First he promises he’ll eat, then he promises himself never to eat in a house that has no children. So he’s forcing G-d to give this Yiddele children. I want you to know, on Yom Kippur we are not forcing G-d. We are standing before G-d, asking Him- give me long life, give me parnossa, a living- maybe we’ll have a good year, hopefully.

But the last night of Chanukah- Zot Chanukah- Zot means clear. I know I’ll have a good year, do you know why? Because I’m looking at my little candles, at my children. I’m saying to G-d, You’d better take care of me because my children need me. You’d better give me long life, because I’ve got to take care of those candles. So a father and mother are standing before G-d saying, listen G-d, I have You in my hands. I’m taking care of my children- that means You’d better take care of me.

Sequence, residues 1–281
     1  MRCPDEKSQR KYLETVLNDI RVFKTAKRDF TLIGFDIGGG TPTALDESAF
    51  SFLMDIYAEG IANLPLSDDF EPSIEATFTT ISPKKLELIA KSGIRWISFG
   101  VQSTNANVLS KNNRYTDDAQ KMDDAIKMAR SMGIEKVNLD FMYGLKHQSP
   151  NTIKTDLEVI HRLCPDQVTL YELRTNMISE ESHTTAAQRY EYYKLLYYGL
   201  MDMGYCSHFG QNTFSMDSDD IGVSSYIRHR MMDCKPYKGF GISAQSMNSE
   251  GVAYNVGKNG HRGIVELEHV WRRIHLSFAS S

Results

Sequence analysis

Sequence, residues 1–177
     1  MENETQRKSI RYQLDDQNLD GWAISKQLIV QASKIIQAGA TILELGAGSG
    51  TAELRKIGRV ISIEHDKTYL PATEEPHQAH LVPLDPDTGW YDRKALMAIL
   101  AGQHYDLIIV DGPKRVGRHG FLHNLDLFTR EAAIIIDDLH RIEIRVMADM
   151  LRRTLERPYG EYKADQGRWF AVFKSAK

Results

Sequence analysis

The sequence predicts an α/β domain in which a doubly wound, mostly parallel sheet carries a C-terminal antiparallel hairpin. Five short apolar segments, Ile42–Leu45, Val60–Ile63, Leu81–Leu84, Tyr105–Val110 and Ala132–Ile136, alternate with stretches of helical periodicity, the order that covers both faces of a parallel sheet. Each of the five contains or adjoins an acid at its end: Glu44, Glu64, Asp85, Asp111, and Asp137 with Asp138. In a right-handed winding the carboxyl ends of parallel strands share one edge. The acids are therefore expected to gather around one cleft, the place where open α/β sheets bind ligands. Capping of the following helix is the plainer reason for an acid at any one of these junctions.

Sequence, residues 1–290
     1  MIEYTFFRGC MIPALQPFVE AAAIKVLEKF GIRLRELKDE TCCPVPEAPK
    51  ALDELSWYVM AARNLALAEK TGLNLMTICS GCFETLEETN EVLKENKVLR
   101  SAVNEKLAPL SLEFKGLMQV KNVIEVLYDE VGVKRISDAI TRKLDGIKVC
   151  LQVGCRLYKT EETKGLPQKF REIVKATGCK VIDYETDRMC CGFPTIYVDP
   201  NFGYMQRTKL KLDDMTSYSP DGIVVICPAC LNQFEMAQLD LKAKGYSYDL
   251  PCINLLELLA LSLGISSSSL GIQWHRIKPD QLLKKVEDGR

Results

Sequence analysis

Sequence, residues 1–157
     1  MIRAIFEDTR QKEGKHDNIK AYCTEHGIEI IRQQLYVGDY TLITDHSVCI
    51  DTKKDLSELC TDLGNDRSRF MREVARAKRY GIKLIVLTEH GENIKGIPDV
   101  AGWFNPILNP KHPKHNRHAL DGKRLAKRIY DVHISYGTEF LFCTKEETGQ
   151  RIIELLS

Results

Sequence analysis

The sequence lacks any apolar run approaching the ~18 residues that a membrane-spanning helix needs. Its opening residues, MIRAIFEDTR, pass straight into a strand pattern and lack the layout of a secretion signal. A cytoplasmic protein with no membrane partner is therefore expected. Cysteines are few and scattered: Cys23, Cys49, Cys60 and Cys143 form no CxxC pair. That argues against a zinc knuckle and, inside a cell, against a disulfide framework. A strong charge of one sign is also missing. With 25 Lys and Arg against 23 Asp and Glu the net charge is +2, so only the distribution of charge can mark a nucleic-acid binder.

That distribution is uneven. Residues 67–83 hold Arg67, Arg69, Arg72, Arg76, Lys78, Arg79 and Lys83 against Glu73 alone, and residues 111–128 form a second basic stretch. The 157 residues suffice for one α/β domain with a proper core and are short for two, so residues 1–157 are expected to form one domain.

If you want to have a good year, take that little candle, that holy drop of oil G-d sends into your house, and seal it with the seal of the High Priest. Make your children so holy and so beautiful- so, so beautiful. Chanukah is mehadrin min hamehadrin, most, most beautiful.

You know, it’s not enough to be frum, it’s not enough to be a servant of G-d. It has to be beautiful. Reb Nachman says, whatever is in this world, is in Heaven the same way. Nobody can stand sad people, ugly people. You just have patience, but you’re not loving them. You can’t blow your mind that you want to be in their presence. It’s the same way for G-d. Ugliness is very hard for G-d to stomach. On Chanukah we’re beautiful again.